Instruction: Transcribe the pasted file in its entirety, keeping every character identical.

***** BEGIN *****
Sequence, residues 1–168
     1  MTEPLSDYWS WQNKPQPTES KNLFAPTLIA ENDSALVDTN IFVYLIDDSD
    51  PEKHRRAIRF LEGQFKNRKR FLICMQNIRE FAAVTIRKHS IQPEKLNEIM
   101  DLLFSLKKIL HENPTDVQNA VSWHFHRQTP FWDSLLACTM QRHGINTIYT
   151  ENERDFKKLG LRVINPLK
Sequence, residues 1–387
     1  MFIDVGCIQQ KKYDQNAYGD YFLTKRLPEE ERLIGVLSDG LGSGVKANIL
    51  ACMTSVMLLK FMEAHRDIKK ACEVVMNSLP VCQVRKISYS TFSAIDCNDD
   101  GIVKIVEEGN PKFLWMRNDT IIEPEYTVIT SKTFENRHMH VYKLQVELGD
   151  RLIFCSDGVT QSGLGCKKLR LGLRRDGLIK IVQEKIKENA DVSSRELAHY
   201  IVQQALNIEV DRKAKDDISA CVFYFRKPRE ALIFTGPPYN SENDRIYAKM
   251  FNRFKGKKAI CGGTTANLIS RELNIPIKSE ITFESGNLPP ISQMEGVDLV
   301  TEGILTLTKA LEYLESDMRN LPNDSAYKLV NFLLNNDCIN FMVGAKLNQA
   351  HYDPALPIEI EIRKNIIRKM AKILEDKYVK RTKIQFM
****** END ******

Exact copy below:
Sequence, residues 1–168
     1  MTEPLSDYWS WQNKPQPTES KNLFAPTLIA ENDSALVDTN IFVYLIDDSD
    51  PEKHRRAIRF LEGQFKNRKR FLICMQNIRE FAAVTIRKHS IQPEKLNEIM
   101  DLLFSLKKIL HENPTDVQNA VSWHFHRQTP FWDSLLACTM QRHGINTIYT
   151  ENERDFKKLG LRVINPLK
Sequence, residues 1–387
     1  MFIDVGCIQQ KKYDQNAYGD YFLTKRLPEE ERLIGVLSDG LGSGVKANIL
    51  ACMTSVMLLK FMEAHRDIKK ACEVVMNSLP VCQVRKISYS TFSAIDCNDD
   101  GIVKIVEEGN PKFLWMRNDT IIEPEYTVIT SKTFENRHMH VYKLQVELGD
   151  RLIFCSDGVT QSGLGCKKLR LGLRRDGLIK IVQEKIKENA DVSSRELAHY
   201  IVQQALNIEV DRKAKDDISA CVFYFRKPRE ALIFTGPPYN SENDRIYAKM
   251  FNRFKGKKAI CGGTTANLIS RELNIPIKSE ITFESGNLPP ISQMEGVDLV
   301  TEGILTLTKA LEYLESDMRN LPNDSAYKLV NFLLNNDCIN FMVGAKLNQA
   351  HYDPALPIEI EIRKNIIRKM AKILEDKYVK RTKIQFM